H

aving a family member in a coma is the ultimate waiting game. The person might wake up next week. Or next year. Or never.

A new study from doctors in Europe may help reduce that uncertainty. By scanning an area of the brain often overlooked by neurologists, the researchers found a method that might predict whether or not a patient will recover from a coma. They reported the findings Wednesday in the journal Neurology.

“It’s very sophisticated and important work they’re doing here,” said Alexander Lin, a brain imaging specialist at Boston’s Brigham and Women’s Hospital, who was not involved in the study. “The data are very convincing.”

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In the study, researchers from France, Italy, and Switzerland scanned the brains of 27 comatose patients a few days after they had become unresponsive. Some had suffered heart attacks, which cut off oxygen to the brain. Others had endured severe brain damage during car accidents.

Then, the researchers waited. Comas can last anywhere from several days to several years, and the study authors wanted to know if the brain scans of those who recovered looked different from the scans of those who remained unconscious. They used a technique called functional magnetic resonance imaging, or fMRI, which measures brain activity by detecting changes associated with blood flow.

Four of the study subjects emerged from their comas in the first three months. Looking back at the brain scans from these patients when they were unconscious, the researchers saw a different pattern of brain activity compared to those who didn’t recover. In fact, the connections between brain regions in these four individuals were comparable to a control group of 14 people who never suffered brain damage.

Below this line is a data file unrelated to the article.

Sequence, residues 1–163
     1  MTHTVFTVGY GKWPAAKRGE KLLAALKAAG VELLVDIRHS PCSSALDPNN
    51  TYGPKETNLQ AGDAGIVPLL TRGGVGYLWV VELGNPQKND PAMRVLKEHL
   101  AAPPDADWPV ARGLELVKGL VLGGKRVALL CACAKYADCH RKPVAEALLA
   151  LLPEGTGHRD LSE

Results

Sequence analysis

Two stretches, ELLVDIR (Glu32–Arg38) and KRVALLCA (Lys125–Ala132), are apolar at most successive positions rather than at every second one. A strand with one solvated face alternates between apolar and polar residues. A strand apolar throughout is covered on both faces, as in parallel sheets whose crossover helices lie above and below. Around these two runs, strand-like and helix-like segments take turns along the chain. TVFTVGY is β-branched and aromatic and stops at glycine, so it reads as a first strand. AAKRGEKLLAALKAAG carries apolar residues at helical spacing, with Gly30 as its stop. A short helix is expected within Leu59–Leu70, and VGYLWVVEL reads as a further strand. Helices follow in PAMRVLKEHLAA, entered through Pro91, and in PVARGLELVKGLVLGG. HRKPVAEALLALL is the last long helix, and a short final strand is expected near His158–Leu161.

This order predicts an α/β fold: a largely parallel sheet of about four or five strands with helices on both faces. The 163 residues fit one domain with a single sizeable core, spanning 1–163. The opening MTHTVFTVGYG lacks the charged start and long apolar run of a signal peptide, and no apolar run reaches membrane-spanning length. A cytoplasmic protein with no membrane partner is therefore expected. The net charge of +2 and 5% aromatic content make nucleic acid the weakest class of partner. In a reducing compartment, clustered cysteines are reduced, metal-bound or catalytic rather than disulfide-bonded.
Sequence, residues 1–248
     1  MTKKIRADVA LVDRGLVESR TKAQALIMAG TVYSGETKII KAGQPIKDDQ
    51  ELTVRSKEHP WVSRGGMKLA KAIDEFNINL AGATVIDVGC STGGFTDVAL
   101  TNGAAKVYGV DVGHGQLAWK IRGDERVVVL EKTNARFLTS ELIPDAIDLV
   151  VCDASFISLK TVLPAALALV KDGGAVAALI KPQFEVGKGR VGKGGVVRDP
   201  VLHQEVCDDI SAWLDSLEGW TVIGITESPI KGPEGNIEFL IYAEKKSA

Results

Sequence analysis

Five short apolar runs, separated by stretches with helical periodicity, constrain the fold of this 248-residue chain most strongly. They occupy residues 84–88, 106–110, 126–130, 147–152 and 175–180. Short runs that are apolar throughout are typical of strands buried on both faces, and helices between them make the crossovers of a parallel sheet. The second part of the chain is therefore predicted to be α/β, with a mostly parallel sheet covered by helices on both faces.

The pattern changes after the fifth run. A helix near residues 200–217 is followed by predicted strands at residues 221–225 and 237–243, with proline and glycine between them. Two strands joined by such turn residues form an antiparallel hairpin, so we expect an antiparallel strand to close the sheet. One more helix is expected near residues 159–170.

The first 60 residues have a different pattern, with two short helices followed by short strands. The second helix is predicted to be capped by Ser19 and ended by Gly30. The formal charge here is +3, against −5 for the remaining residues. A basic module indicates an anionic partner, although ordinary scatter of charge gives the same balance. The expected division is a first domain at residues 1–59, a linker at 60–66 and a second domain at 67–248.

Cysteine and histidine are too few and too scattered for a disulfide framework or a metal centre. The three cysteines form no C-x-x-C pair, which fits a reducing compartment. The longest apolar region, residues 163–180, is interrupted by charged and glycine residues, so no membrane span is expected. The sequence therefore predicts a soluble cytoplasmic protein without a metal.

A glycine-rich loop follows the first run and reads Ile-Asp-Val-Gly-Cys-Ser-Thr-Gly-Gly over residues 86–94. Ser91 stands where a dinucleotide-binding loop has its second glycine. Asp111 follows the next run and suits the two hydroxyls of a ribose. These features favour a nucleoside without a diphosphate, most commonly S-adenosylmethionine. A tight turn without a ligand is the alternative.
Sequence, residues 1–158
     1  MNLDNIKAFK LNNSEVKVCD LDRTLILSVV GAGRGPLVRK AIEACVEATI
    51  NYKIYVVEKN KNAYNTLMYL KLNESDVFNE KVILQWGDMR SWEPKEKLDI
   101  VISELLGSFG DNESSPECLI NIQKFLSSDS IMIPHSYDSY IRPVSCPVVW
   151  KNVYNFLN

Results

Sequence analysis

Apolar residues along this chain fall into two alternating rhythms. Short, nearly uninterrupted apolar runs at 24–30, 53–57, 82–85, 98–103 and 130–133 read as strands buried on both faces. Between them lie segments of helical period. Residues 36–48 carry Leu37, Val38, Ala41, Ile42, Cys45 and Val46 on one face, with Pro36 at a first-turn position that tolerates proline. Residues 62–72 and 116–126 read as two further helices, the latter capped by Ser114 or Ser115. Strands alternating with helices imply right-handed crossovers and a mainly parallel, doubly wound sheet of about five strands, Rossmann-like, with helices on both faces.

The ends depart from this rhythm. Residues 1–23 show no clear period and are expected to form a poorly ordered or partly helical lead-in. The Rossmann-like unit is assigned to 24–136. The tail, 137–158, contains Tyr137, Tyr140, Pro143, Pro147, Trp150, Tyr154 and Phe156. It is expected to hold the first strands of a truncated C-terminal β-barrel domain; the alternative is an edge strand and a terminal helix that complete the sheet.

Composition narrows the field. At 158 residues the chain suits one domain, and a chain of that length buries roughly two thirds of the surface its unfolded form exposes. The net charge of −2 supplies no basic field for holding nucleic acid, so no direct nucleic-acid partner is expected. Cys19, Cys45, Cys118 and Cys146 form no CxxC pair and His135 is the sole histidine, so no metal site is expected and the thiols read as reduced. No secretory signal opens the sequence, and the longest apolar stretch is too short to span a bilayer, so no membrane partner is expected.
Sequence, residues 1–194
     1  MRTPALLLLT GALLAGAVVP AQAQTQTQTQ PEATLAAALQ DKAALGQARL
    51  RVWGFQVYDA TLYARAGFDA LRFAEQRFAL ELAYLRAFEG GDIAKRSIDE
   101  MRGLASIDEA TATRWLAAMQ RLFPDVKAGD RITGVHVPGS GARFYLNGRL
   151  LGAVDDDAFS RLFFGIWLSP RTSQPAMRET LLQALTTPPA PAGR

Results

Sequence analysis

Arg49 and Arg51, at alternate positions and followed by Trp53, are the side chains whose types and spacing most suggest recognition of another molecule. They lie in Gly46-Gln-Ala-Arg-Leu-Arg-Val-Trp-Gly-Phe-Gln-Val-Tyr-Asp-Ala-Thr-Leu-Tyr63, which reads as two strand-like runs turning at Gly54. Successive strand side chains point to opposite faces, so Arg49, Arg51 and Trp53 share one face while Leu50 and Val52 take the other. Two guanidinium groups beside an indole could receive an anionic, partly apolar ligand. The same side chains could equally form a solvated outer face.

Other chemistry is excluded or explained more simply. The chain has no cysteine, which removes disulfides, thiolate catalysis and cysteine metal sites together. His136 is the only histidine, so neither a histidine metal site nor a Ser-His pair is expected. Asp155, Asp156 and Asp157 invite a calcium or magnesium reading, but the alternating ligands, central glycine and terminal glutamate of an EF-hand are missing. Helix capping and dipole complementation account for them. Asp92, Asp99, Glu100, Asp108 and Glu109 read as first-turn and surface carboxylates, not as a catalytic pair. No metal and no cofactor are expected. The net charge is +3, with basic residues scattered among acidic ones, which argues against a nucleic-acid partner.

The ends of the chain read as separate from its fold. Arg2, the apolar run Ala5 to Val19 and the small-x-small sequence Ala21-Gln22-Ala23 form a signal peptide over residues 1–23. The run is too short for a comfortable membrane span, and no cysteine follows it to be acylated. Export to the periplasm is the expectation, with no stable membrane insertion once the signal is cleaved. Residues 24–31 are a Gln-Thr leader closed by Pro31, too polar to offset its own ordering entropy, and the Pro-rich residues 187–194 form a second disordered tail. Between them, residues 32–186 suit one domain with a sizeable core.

“We found that the more you lose this connection, the worse is going to be the outcome,” said Dr. Stein Silva, an intensive care physician at the University Teaching Hospital of Purpan in Toulouse, France, who led the study.

Silva and his colleagues focused on an area deep at the back of the brain called the posterior cingulate cortex, or PCC. Neuroscientists have found that it plays a role in regulating consciousness, but neurologists — the clinicians who actually treat brain injuries — have largely ignored the structure, because it isn’t often specifically affected by lesions.

By using fMRI to see what other regions of the brain light up at the same time as the PCC, these researchers could tell it often communicates with a specific area at the front of the brain called the medial prefrontal cortex. If an injury or a heart attack weakens that communication, then the chances are slim that the patient will recover in the first three months.

This test won’t be used in the clinic anytime soon, though. Larger studies are still needed to confirm the study results, cautioned Lin. But if the findings hold up, brain scans could help give hope to some families with loved ones in comas, and help others better prepare to provide long-term care. “Being more informed is always positive,” he said.

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